Glass of Haig
Published in March ’13
Few artists have managed to make a living from stained glass work; it is time-consuming, labour-intensive and expensive – for both the artist and the patron. Henry Haig was one of those few, and his windows can be seen in buildings which range from the Norman church of St Michael and All Angels in Alsop en le Dale in Derbyshire to the 1960s concrete of Clifton Cathedral in Bristol. But how many people who see his remarkable work realise that most of it was created in a converted racquets court in a tiny village in Dorset?
Fifehead Magdalen was the home of Henry Haig for more than forty years, as well as being the location of the workshop from which all that glass emerged. In 1969, Home Farm provided exactly what Henry and Joan Haig had been looking for to house them and their five young children – not to mention the potential of its old racquets court as a space big enough for Henry to work at his stained glass. They moved to Dorset – a county Henry had been introduced to as a boy when at a scout camp on Golden Cap – as it had the advantage of being a mid-point between the Pembrokeshire coast, their favourite holiday venue, and London, with all its artistic contacts – as well as the proximity of a good comprehensive school in Gillingham.
Henry Haig was actually a Londoner, born in 1930 in Hampstead, educated at the Richmond and East Sheen County School for Boys and his art teacher there, Jack Fairhurst, was a man who recognised the talent of an emerging artist. At the invitation of a friend, Henry went to visit the Wimbledon School of Art: when he saw the students at work, he was amazed. As he later said: ‘It was full of people busy doing the one thing I really loved. I couldn’t believe it. Fancy having this every day!’ His mother arranged for him to have an interview with the Principal, who went through his folder, then asked him to start the following Monday, even though he was only fifteen and had expected to stay on for another year at school.
He studied painting and sculpture there for five years, at which point, in 1949, his studies were interrupted by National Service. He was so anxious to continue his artistic path that he turned down an officer commission at the end of his service and applied for admission to the Royal College of Art painting school. But this was not to be: instead he was invited to take up a place in the stained glass department under Lawrence Lee.
It was at this time that he met Joan Salmon, a fellow RCA student, who was at the painting school. She sheds some light on Henry’s change of direction: ‘Henry had done some big murals while he was a student at Wimbledon – he was attracted to large spaces and was always interested in design and structure rather than in literal, figurative representation. And the RCA saw something special in his work.’ Joan and Henry saw something special in each other, too: they were married on New Year’s Day, 1956.
They became a formidable artistic team, they discussed every commission at length and frequently went on site visits together to draw up templates or to install work. Moreover, Joan was in demand as a gifted teacher, and this income helped them to cope when the already precarious nature of an artist’s life was magnified by the presence of five hungry children.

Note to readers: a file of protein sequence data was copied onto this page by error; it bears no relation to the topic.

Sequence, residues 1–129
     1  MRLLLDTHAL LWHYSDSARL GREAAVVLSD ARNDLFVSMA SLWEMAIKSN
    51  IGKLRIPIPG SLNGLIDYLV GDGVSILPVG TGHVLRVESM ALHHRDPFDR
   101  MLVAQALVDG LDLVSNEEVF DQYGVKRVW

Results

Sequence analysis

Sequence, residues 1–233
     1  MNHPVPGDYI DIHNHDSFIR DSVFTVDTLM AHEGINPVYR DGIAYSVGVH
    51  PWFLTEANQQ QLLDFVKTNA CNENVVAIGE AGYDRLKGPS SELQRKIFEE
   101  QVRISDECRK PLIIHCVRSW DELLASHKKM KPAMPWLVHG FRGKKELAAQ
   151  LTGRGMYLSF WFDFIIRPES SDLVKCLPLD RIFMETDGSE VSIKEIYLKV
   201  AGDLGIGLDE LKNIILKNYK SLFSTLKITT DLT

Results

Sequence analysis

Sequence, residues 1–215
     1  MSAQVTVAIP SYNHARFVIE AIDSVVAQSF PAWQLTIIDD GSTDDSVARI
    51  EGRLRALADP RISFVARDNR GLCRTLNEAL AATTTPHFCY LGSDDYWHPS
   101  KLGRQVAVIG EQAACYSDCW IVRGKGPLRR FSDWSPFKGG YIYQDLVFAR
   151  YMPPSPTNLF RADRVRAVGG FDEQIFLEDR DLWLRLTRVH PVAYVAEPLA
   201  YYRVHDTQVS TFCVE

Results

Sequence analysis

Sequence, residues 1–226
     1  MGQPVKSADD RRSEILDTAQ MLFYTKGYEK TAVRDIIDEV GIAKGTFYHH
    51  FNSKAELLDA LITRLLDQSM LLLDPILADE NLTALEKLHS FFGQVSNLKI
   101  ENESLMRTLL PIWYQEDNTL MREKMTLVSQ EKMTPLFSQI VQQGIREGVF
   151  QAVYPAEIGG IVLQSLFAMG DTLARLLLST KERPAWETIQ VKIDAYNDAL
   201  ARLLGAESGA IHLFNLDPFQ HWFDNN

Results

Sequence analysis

The commissions gradually increased, and Henry was eventually able to give up his own teaching. Many commissions were for completely new buildings, such as St Richard’s Church in Ham (near Richmond), built in 1964-5, and Clifton Cathedral (half a mile from Brunel’s suspension bridge), built in 1972-3. These two buildings are similar in shape, being six-pointed stars with a hexagonal interior space: a design driven by the wish to bring congregation and clergy closer together, as encouraged by the Second Vatican Council. The buildings also share the love of concrete so frequently evinced by 1960s architects, but in each case its unremitting severity is mollified by the joyful exuberance of Henry’s windows – the Clifton window is made from 8000 pieces of glass.
There was no doubt in Henry’s mind that the purpose of stained glass in a church was to make eternal truths visible through the energy of transmitted light. Light itself, he held, was a constant reminder of the power of God, the light of the universe: after all, the first words of God in the Bible are ‘Let there be light!’ The stained glass artist’s role was to explore and open pathways through and beyond earthly existence towards a deeper comprehension.
Henry’s art was symbolic and abstract (or, more correctly, non-figurative); he felt that if he depicted a literal interpretation of biblical texts he would be guilty of underestimating the intelligence of those who came into contact with his work.
One of his best-known works is the window he created as a memorial for WPC Yvonne Fletcher, who was shot while on duty during the Libyan Embassy siege in 1984, at St Leonard’s Church in Semley, where she grew up, just north of the Dorset border. Henry’s Dorset work includes a circular west window for St Mark’s Church in Highcliffe, the north rose window in St Mary’s Church in Swanage, the ‘Journey from Stourhead’ screen and chapel windows in Shaftesbury Hospital, and Michael James memorial window in Wimborne Minster. A much newer building, the Joseph Weld Hospice in Dorchester, needed a small chapel suitable for bedridden patients to be able to visit on mobile beds. With no side lighting available, Henry designed a glass dome easily visible from a prone position. He also designed the cross and the cabinet which can enclose it when the chapel is used by those of other faiths.
Henry Haig died in December 2007. He is much missed by his family and all who knew him, but his work lives on to be admired by future generations.